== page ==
Asthma, Severe Acute Respiratory Syndrome Coronavirus-2 and Coronavirus Disease 2019

Dylan T. Timberlake; Kasey Strothman; Mitchell H. Grayson

Disclosures

Curr Opin Allergy Clin Immunol. 2021;21(2):182-187. 

In This Article

Coronavirus Disease 2019 and Asthma

Although the current data on asthma and COVID-19 are almost exclusively retrospective, and have obvious limitations, they strongly suggest that asthma is not a risk factor for severe COVID-19 and that SARS-CoV-2 does not exacerbate asthma. Initial epidemiology reports from Wuhan, China failed to include asthma in the list of comorbid conditions of hospitalized COVID-19 patients.[31] Further reports from China listed asthma as a comorbidity in only 0.3–0.9% of patients admitted with COVID-19.[32,33] This rate of asthma is markedly lower than the 1.4% published prevalence of asthma in China.[34] The lower prevalence of asthma in hospitalized COVID-19 patients was seen outside of China, as well. Data from a pediatric Italian cohort revealed that only 2% of inpatient COVID-19 patients had asthma,[35] whereas the national asthma prevalence is 6.63%.[36] In Spain, 5.2% of patients admitted with COVID-19 had asthma,[37] which is similar to the prevalence of asthma in Spain, ranging from 5 to 14.5% depending upon location.[38] Lastly, in New York, between 9 and 12.6% of admitted COVID-19 patients had a diagnosis of asthma,[39,40] which is higher than the point prevalence of asthma in the United States (7.6%).[41] However, these retrospective chart reviews included any patient with a documented history of asthma, and thus it would be more appropriate to compare the rates of asthma among admitted patients to the 13.6% lifetime prevalence of asthma in the United States.[41] When using lifetime prevalence of asthma, once again the prevalence of asthma among admitted patients with COVID-19 is similar to or decreased compared to the general population.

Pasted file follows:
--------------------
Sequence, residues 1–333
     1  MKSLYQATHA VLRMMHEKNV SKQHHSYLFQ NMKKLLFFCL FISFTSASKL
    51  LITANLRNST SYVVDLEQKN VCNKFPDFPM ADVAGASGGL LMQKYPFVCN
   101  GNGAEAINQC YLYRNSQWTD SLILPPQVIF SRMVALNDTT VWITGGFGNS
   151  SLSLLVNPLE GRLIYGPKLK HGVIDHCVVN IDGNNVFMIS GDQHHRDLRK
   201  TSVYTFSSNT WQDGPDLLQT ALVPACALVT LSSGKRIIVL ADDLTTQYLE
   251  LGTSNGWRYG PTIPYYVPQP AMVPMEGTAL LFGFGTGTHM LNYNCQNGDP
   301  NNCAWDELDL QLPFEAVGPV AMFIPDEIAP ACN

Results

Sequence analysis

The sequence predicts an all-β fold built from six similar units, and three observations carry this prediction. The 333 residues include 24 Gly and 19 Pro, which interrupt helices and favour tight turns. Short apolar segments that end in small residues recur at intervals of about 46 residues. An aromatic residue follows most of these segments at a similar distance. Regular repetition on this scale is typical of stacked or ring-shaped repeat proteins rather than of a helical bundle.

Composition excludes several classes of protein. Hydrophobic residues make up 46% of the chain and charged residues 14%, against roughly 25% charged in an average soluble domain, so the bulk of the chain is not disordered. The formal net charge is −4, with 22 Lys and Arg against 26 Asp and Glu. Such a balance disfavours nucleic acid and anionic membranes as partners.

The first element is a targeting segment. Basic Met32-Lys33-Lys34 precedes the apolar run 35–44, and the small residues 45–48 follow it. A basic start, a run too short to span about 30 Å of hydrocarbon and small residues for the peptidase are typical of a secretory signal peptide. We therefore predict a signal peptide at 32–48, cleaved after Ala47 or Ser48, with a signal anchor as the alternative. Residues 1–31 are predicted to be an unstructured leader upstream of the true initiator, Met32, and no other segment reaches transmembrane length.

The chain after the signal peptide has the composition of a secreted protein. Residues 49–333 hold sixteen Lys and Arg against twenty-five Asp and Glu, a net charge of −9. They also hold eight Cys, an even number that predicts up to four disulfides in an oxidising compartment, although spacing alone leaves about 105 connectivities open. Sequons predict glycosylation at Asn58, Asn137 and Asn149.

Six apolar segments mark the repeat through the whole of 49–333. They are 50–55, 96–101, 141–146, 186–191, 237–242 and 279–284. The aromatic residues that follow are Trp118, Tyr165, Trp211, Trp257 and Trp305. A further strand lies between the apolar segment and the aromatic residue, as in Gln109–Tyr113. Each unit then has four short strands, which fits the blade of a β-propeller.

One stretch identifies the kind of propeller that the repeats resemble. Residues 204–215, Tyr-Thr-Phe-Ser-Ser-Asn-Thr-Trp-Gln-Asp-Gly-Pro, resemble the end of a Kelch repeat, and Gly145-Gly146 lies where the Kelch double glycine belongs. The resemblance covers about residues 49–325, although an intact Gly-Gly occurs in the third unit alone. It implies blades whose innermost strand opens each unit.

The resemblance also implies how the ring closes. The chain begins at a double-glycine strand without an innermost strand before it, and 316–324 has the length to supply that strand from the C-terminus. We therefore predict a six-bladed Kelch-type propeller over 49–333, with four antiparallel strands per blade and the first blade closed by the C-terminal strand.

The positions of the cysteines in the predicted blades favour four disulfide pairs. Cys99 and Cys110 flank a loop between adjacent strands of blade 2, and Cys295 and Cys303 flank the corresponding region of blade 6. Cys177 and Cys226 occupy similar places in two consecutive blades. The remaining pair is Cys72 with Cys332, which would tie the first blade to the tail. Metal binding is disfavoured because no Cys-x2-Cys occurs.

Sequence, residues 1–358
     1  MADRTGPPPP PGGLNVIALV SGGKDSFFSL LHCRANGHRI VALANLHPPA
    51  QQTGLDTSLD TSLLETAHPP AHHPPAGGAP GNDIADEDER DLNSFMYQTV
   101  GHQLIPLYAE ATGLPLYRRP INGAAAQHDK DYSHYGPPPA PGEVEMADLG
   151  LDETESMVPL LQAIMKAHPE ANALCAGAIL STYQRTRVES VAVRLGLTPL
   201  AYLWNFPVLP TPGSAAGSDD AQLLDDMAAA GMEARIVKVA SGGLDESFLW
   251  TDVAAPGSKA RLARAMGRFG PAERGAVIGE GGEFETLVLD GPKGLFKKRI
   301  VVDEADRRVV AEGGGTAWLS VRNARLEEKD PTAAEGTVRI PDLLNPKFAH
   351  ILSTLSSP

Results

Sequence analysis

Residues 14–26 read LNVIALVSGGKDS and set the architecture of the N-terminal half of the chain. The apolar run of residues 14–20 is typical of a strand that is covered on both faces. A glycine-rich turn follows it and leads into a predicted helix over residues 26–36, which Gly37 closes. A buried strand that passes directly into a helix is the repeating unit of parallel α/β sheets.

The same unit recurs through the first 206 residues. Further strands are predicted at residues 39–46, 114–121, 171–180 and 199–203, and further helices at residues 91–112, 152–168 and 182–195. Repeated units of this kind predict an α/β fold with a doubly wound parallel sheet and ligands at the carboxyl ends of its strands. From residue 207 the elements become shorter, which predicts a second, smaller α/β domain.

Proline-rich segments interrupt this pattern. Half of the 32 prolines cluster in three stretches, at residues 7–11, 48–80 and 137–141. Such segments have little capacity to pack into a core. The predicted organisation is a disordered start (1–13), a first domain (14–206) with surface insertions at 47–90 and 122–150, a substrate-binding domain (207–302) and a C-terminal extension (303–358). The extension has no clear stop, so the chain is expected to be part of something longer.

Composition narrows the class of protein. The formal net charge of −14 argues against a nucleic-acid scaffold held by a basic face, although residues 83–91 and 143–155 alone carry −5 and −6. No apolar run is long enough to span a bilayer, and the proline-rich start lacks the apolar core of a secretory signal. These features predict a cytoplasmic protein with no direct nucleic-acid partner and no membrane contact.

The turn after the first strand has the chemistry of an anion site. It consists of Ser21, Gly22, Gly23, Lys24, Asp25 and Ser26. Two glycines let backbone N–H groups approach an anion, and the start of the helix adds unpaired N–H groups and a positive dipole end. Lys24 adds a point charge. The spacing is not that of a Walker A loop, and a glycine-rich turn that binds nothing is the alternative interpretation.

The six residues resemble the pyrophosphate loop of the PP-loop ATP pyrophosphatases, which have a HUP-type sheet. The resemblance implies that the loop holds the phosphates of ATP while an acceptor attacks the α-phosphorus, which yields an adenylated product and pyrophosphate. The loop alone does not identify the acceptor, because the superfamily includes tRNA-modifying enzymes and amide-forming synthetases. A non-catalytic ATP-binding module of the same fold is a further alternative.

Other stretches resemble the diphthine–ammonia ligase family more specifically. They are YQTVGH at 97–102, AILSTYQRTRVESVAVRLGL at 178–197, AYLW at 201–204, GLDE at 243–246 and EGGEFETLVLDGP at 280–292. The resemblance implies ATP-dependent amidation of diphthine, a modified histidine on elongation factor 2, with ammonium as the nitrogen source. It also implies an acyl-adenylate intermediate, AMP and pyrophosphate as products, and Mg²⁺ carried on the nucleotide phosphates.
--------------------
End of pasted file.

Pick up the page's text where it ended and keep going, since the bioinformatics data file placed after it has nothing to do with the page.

Multiple studies have demonstrated no increased severity of disease among admitted COVID-19 patients with asthma. A study of a Chinese cohort indicated that asthma was not associated with severe disease,[33] whereas a Spanish cohort showed patients with asthma had no different risk of mortality compared to those without asthma.[37] In two studies in New York, the presence of asthma was found to have no effect on COVID-19 length of stay, intubation, readmission, or mortality.[40,42] Similarly, a study of patients in a Seattle ICU found a prevalence of asthma of 14%,[43] which again is similar to the lifetime prevalence of asthma in the United States (13.6%).[41] In a South Korean study, asthma was found to impart a small increased risk of severe disease (OR 1.08, CI 1.01–1.17), which was defined as ICU admission, invasive ventilation, or death. However, once stratified into allergic asthma (asthma with comorbid allergic rhinitis or atopic dermatitis) or nonallergic asthma, allergic asthma demonstrated no increased risk of severe outcomes (OR 1.40, CI 0.83–2.41). Nonallergic asthma demonstrated a markedly increased risk of severe disease (OR 4.09, CI 1.69–10.52).[44] Overall, these retrospective reviews suggest that asthma is not associated with increased rates of admission from COVID-19 and that asthma is not a risk factor for severe disease (Figure 1). However, there are no data demonstrating that asthma protects from severe COVID-19 disease.

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